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Joseph Levy (1799–1862)

Joseph Levy, a labourer, was sentenced to life transportation for stealing a watch, a watch chain, a watch key and a seal. He arrived in Sydney in 1820 aboard the Mangles. He was described in the ship's indent as having a dark complexion, black hair, dark brown eyes and an aquiline nose. He was sent to Emu Plains where he worked as an overseer for two years. He was granted a ticket of leave in 1827 and a certificate of freedom in 1828. He was granted a conditional pardon on 28 February 1834 and an absolute pardon on 2 June 1841.

Levy moved to Berrima in 1835 where he opened a general store. Two years later he started a small brewery which he sold in 1840. He then became an auctioneer and publican. He later moved to Sydney.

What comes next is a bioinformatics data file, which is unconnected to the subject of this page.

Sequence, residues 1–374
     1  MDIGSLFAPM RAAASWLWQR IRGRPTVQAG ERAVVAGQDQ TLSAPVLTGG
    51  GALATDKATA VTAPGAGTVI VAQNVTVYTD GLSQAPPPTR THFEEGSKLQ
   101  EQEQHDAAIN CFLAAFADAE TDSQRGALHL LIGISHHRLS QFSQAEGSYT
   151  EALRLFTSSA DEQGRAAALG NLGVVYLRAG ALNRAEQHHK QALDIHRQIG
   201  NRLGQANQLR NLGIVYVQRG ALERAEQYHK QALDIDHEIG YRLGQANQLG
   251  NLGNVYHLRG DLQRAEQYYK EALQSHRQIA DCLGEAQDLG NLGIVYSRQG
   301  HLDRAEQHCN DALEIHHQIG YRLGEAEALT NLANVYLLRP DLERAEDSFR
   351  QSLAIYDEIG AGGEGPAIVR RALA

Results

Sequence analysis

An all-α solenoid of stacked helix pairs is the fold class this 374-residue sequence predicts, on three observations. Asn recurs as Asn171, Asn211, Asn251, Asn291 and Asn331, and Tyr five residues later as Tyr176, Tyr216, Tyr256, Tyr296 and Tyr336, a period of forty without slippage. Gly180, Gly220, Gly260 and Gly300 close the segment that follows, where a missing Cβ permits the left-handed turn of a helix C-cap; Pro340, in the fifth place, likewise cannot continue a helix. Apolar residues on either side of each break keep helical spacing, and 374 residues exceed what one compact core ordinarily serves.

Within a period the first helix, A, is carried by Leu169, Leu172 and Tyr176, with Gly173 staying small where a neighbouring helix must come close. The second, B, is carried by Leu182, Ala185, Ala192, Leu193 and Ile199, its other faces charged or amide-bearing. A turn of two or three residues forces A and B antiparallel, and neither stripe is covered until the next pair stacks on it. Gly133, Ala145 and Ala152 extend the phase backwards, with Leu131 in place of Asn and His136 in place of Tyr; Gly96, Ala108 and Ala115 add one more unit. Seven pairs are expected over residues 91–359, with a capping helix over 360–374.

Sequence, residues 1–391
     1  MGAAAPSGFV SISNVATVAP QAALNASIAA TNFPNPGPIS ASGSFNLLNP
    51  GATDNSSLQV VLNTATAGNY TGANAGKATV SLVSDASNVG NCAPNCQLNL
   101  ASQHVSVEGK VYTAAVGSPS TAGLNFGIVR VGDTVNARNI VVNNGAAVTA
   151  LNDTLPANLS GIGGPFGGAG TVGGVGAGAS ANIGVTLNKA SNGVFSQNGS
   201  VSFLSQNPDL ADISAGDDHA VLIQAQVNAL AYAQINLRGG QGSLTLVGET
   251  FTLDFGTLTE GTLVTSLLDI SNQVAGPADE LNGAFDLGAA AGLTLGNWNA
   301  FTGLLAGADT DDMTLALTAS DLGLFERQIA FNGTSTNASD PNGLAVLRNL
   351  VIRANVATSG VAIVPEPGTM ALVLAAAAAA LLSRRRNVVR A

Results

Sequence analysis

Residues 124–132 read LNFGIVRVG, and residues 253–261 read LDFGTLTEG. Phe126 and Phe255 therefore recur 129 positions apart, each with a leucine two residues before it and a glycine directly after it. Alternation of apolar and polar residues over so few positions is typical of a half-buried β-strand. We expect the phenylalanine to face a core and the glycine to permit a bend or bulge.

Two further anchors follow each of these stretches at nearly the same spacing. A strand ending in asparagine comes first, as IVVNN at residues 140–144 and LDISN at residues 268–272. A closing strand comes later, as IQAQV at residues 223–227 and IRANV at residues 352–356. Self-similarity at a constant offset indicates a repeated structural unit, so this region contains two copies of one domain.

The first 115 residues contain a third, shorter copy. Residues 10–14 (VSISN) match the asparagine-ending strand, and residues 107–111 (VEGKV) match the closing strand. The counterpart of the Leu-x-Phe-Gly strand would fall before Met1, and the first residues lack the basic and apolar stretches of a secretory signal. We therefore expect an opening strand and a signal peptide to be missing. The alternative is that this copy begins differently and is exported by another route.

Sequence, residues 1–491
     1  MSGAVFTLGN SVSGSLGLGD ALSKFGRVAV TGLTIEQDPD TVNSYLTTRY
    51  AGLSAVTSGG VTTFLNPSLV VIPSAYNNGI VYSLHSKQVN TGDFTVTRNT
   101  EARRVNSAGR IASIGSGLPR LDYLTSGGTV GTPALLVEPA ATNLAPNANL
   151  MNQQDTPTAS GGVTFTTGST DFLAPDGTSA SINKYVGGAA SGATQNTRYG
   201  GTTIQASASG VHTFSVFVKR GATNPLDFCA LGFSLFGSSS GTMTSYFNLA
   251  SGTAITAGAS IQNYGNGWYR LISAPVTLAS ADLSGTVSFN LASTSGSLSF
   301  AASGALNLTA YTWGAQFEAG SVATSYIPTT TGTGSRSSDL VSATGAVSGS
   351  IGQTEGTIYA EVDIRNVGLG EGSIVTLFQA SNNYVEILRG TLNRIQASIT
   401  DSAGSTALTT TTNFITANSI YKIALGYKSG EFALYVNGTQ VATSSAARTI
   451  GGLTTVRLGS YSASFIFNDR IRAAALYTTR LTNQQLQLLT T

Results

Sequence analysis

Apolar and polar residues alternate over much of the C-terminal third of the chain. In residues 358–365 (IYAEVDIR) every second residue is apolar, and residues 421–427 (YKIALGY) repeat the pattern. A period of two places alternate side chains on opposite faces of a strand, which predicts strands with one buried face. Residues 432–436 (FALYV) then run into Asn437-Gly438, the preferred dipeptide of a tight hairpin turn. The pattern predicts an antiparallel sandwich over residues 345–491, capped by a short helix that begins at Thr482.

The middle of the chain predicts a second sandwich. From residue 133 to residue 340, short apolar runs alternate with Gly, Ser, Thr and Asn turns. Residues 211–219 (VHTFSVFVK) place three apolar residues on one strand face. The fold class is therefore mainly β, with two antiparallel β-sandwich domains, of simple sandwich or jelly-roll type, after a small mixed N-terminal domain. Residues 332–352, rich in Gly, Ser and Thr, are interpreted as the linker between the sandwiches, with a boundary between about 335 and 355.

Additional Resources

Citation details

'Levy, Joseph (1799–1862)', People Australia, National Centre of Biography, Australian National University,, accessed 15 June 2024.

© Copyright People Australia, 2012

Life Summary [details]


London, Middlesex, England


25 September, 1862 (aged ~ 63)
Sydney, New South Wales, Australia

Cause of Death


Cultural Heritage

Includes subject's nationality; their parents' nationality; the countries in which they spent a significant part of their childhood, and their self-identity.

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Passenger Ship
Convict Record

Crime: theft
Sentence: life